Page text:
Minnesotans have reveled this week in some of the best weather of the year with a watchful eye to the nation’s mid-Atlantic seaboard. If, as expected, Hurricane Florence makes landfall Thursday night at a vicious Category 3 level or greater, devastating damage is sure to result.
As is their wont, Minnesotans will respond with sympathy, donations and volunteer labor — and a touch of smugness. Minnesota didn’t make a recent list of the nation’s 25 most disaster-prone states, compiled by moneywise.com. This landlocked state is spared hurricanes. The risk of volcanoes and earthquakes is exceedingly low. Even tornadoes, which Minnesotans know and respect, are less frequent than in several other Midwestern states.
But Minnesotans should know this: The same climatological phenomenon that is adding potency to Florence this year and made hurricanes Harvey, Inez and Maria record-breakers last year is affecting this state, too. Climate change is making Minnesota a wetter place.
Just as higher Atlantic Ocean surface temperatures are fueling Florence’s intensity, so higher temperatures in Minnesota are leading to more precipitation. The 30-year averages that produce what meteorologists deem “normal” precipitation levels have been climbing steadily throughout the state for a half-century, reports University of Minnesota emeritus professor and climatologist Mark Seeley. They are expected to keep climbing.
Already in the Twin Cities, normal annual precipitation has increased 20 percent, up from 25.93 inches in 1941-70 to 31.16 inches in 1981-2010. Seeley expects another boost when the next 30-year average is calculated in 2020, and another in 2030. In Greater Minnesota, precipitation levels are also up but in varying degrees, with the heavily agricultural counties of south-central Minnesota seeing increases in the 30-35 percent range, Seeley told an editorial writer.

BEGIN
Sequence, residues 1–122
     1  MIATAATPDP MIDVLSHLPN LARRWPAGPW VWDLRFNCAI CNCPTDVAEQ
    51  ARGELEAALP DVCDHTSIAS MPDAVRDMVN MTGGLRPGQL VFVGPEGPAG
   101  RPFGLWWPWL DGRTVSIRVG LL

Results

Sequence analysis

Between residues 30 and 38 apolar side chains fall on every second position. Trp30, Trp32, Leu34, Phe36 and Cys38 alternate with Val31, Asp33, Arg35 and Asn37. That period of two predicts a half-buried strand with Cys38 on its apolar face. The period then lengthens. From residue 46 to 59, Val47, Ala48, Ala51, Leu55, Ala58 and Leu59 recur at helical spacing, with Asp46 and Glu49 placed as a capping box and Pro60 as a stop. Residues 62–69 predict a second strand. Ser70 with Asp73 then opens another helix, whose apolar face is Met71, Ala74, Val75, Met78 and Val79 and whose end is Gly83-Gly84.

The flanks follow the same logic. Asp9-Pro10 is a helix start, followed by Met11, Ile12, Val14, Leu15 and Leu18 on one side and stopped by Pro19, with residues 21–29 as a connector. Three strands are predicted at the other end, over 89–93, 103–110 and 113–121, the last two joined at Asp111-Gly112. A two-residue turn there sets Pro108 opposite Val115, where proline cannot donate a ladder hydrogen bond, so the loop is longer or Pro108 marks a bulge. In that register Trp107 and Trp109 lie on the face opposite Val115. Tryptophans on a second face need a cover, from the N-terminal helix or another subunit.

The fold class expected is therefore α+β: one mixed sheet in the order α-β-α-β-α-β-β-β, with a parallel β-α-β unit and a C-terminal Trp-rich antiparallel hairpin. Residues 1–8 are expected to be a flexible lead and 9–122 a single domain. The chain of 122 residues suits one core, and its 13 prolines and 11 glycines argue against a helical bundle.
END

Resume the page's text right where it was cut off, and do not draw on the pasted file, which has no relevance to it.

Climate change also explains the increased frequency of heavy storms, of the sort that produce flash flooding, washed-out crop fields, costly structural damage and risk to human life and health. The latest example: an Aug. 27-28 storm so severe that it destroyed a scenic waterfall in Hokah, in far southeastern Minnesota.
To the credit of state lawmakers, state assistance when such storms strike is not in doubt. The 2014 Legislature and Gov. Mark Dayton established a contingency account that the governor can tap to pay the state’s share of recovery costs when storm damage exceeds requisite thresholds.
Local and regional governments have also been planning for a wetter Minnesota. The Metropolitan Council’s Climate Vulnerability Assessment is an aid to local planning, and it has utility well beyond the Twin Cities area. The University of Minnesota hosts an annual climate adaptation conference for local officials and others charged with community responses to the changing climate; the next such meeting is set for Nov. 14.
These are commendable first steps at the start of what Minnesotans should see as a long journey that they cannot avoid taking. It’s long past time to discard mistaken notions that climate change only matters to polar bears, penguins and seacoast dwellers. It matters here, too — and how Minnesotans respond will matter for years to come.
(One fine way to learn more about climate change: Attend Seeley’s lecture “Climate Change in Our Own Backyards: Evidence and Implications,” on Oct. 4. It’s part of the University of Minnesota College of Continuing Education’s Headliner series, and tickets are required — https://ccaps.umn.edu/headliners.)